• Feng Shui ~ A Practical Guide for Architects and Designers, by Vincent M. Smith with Barbara Lyons Stewart, AIA
    • To Jo, a “kindred spirit”
  • Flooring Psychology ~ How to Avoid (Literally) Slipping and Tripping Through Life, by Barbara Lyons Stewart, AIA, EDAC
    • In this one, Barbara wrote: Jo, You will understand what I’m trying to do here ~ bridging the gap from ancient wisdom to modern practice.

So, we waited a year for a tour of what was happening. I was consistently seeing it develop, like this pathway to the front door (above), that flows like the Russian River, but I wasn’t guided through every detail’s reasoning. That was to come at a later date.) Barbara was always on my mind, and I checked in from time to time. We began having lunch, developing rapport…. Which was so natural, anyway. Honestly, we just liked catching up. I checked in a year later, and she agreed to meet me at the winery to begin her explanations. And the sessions continued, including one that was photographic of every detail as it neared her suggestions and guidance.

In spring this year, Barbara shared that she had just been diagnosed with cancer. We both knew as healthy as she was, she’d kick this one, and we went on with our lives…  Even her doctor told her she was most likely going to kick it, because she was such a healthy person to begin the protocol.

  • I had my move from Windsor to Geyserville to get done.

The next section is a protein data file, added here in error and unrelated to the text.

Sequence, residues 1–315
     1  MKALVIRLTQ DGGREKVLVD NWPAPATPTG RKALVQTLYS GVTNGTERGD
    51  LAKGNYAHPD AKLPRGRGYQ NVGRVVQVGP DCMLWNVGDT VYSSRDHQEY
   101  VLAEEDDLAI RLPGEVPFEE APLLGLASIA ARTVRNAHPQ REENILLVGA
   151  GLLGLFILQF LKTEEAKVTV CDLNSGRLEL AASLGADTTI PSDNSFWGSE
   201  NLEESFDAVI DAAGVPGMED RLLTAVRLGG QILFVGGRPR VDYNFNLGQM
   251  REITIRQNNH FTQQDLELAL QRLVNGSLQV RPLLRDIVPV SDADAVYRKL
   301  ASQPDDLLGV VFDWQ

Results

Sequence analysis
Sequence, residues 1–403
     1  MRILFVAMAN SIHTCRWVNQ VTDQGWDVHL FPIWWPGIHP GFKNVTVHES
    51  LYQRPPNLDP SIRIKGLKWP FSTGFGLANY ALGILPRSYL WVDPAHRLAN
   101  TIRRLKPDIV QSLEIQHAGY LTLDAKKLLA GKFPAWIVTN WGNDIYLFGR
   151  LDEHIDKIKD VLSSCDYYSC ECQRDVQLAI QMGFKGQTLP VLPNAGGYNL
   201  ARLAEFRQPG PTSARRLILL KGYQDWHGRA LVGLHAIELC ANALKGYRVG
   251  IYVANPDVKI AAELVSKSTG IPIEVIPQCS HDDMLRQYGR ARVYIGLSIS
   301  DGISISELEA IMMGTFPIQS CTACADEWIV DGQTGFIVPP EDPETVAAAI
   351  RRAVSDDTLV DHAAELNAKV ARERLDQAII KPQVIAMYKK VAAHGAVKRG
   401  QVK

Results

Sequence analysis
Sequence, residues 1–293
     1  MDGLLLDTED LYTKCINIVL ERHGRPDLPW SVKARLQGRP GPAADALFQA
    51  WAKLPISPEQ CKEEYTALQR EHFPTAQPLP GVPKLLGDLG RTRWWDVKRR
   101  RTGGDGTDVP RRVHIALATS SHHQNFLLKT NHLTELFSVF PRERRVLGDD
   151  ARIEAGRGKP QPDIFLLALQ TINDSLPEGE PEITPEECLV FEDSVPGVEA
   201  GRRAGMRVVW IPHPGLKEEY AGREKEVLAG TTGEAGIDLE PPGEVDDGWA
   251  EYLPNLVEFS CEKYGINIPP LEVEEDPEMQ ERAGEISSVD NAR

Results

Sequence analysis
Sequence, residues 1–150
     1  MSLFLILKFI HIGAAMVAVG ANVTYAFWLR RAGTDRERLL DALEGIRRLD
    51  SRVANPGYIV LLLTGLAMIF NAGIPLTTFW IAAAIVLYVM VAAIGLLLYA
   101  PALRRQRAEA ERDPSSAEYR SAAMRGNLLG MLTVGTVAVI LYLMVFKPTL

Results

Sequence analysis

• Barbara’s next project was a Feng Shui redesigning of the new international terminal at SFO… working with a crew, attending to every aspect of Feng Shui design, just as she had for Ron and Pam Rubin.

Barbara walked me through a few sessions of The Rubin Family of Wine’s redesign. And I then queried Cathy Huyghe of Forbes for the story. Barbara, Cathy and I met at John Ash Restaurant, and the following was written about The Rubin family of Wines, as a result.

Texture, Balance, Finish: The Wine Tasting Room Experience, Feng Shui Style ~ Cathy Huyghe

Cathy wrote:

Few tasting rooms, however, have been so carefully designed to generate a sense of balance as the Rubin Family Vineyards and Winery in Green Valley, located in the Russian River Valley of Sonoma County. The renovation was designed by MBH Architects.

MBH Architects also had a story written about the work they (and Barbara Lyons Stewart) did for The Rubin Family of Wines. Rubin Family Vineyard and Winery by MBH Architects.

Marrying rustic charm with modern aesthetics, MBH Architects recently renovated the 6,000 square foot Rubin Family Vineyard and Winery in Sebastopol, California, leaving only the barrel room untouched. Lifelong wine enthusiast and owner of the Republic of Tea, Ron Rubin, recently decided to fulfill his lifelong dream of owning a vineyard. A UC Davis graduate in viticulture, Rubin searched for the perfect land, ultimately selecting the Rubin Family Vineyard and Winery for it’s Golden Loam soil, which is ideal for growing his Pinot and Chardonnay grapes

On December 16, 2016, Peg Melnik has a story in the Santa Rosa Press Democrat: Sebastopol tasting room pairs wine and feng shui 

Peg focused on Barbara’s basic Feng Shui principles:

Wine and feng shui have a common denominator: balance. Which may explain why vintner Ron Rubin of Sebastopol’s Rubin Family of Wines recently remodeled his winery using feng shui as the guiding force.

It’s visible in design elements like curved wood-paneled walls, dramatic use of color and strategically placed windows that funnel the energy of sunlight into the building.